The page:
A common issue in our market is the high amount of crew turnover, which is particularly prevalent in the junior ranks. We speak to a number of captains, who offer their insight as to why they believe this issue exists in the industry, as well as potential solutions to combat the problem.
Captain Boris Sore, M/Y Pida
We should understand two very different causes of movement of the crew: Natural, logical movements and "the other one". Naturally, your crew should move up, otherwise they are not ambitious or skilled enough. Their living habits change, as well as their perspective, and they may want to look for another boat location. The "other reason" is when your crew leave your boat to be on the similar boat, in the same capacity. This is the one we should worry about! In my opinion, if this happens, someone has failed in the work-rest-fun-friends-family-work balance. It may be the captain, the manager or the owner.
The time in which we live has changed. It use to be hard to hear of a job vacancy, and even harder to travel there. Today, information circles very fast, everybody is on the web at all time and even getting push notifications for a jobs advertised! It was never like this before; dock-walking was the closest thing you could do. Agencies were only in one place, whereas now you have them anywhere and all on the internet. You have owners paying more and those who pay less, so crew find out very quickly that there is a 'better' boat to work on.
"The time in which we live has changed. It use to be hard to hear of a job vacancy, and even harder to travel there. Today, information circles very fast, everybody is on the web at all time and even getting push notifications for a jobs advertised! It was never like this before."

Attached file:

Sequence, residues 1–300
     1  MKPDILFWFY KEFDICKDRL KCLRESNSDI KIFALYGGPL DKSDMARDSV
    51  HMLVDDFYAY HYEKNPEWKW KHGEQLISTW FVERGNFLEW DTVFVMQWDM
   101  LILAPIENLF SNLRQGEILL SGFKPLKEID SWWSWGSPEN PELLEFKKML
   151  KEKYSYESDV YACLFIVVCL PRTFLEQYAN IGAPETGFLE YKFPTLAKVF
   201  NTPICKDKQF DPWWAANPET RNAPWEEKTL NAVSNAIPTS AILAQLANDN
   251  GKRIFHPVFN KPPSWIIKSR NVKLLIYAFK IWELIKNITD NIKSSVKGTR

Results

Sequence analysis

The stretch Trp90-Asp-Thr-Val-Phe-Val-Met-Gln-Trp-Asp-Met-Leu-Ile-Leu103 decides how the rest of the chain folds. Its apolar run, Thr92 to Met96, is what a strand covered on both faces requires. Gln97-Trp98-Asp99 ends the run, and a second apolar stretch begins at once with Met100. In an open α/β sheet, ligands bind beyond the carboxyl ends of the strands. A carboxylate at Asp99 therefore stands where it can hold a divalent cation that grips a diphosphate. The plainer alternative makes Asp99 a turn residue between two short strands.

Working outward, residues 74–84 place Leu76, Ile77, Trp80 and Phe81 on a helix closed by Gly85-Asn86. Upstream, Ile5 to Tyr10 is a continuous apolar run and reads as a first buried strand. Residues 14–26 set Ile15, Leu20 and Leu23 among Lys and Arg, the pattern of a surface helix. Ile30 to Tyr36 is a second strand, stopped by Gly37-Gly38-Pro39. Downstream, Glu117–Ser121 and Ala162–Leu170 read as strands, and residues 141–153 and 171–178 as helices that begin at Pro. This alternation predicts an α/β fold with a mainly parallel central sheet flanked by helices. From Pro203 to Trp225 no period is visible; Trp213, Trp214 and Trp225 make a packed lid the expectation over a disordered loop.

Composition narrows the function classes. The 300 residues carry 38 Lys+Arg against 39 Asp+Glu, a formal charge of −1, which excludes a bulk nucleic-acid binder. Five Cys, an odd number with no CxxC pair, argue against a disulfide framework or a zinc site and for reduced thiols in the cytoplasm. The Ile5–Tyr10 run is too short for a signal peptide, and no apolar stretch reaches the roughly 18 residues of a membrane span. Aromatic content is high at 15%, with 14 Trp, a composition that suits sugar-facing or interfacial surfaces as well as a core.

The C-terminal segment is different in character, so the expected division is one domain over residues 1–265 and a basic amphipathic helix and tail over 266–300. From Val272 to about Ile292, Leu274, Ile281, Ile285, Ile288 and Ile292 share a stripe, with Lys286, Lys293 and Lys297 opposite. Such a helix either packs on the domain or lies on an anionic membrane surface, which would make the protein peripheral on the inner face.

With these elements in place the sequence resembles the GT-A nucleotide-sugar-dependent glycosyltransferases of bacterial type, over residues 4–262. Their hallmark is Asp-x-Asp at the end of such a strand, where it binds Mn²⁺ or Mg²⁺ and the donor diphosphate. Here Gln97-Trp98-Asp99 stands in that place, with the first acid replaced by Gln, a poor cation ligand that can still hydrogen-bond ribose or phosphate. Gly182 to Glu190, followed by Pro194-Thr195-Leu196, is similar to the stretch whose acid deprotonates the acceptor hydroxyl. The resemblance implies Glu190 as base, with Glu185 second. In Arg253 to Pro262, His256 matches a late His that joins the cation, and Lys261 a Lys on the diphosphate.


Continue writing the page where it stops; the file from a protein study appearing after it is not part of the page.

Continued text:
Captain Dario Savino, M/Y Regina D' Italia
Crew turnover has always been the dark side of the equation. I have been on busy and under-crewed charter yachts with very high crew longevity, with back-to-back summer and winter charters (and the owner filling in all the empty spaces in between). In these circumstances, the crew have very little time to argue. On the other hand, what happens on very relaxed privates, with few guests and days off, the crew have more time to find a reason to not to get along with each other and they then make life on board less bearable. When this happens, people decide to leave because their life on board is full of tense relationships. Also, a passion for the sea is less and less of a motivation for crew. Nowadays, they look for salary, fast internet and quality time off.
There are some ideas to decrease crew turnover, such as a longevity bonus, periodical salary increases or charter tips can be used to motivate lower rank crew to stay longer. This, as well as an opportunity to give crew the freedom to plan and develop a proper sea career. Another idea is the possibility to adopt a rotation (like on a merchant ship) with three or four months on and one off, which could be easily obtained by employing full time extra deckhand and extra stewardess. This will allow people to have a private life, even if working at sea.
Captain Michael Schueler, M/Y Rasselas
I believe that crew turnover is one of the biggest, financially unmeasured problems in yachting. The belief with many of my fellow captains that I talk with is that in the lower ranks, each time a crew member turns over, it costs the yacht owner up to €5,000 to €10,000, and with officers, I believe that it can easily get up to €20,000 in flights, paperwork, specific boat training, safety drills, uniforms, 'lost' inventories, mistakes and breakage.
"I believe that crew turnover is one of the biggest, financially unmeasured problems in yachting. The belief with many of my fellow captains that I talk with is that in the lower ranks, each time a crew member turns over, it costs the yacht owner up to 5,000 to 10,000 euros."
Instead of looking at this problem from this larger perspective, what if we simplified it down to the most basic form, which is looking for the solution in each individual. As a captain, ask yourself: 'What can I do to improve myself to make yachting better for my crew, captain, shore side support, or owner?' You can only really control yourself, but imagine what yachting would be like if we all did it? The only focus we all should have is legally, safely, (and hopefully ethically) making yacht owners happier than they have ever been on their yacht to ensure they stay in the industry for the rest of their lives. The money is just simply a result of us successfully reaching our goal.
This article originally appeared in The Crew Report. To download the latest issue, click here.
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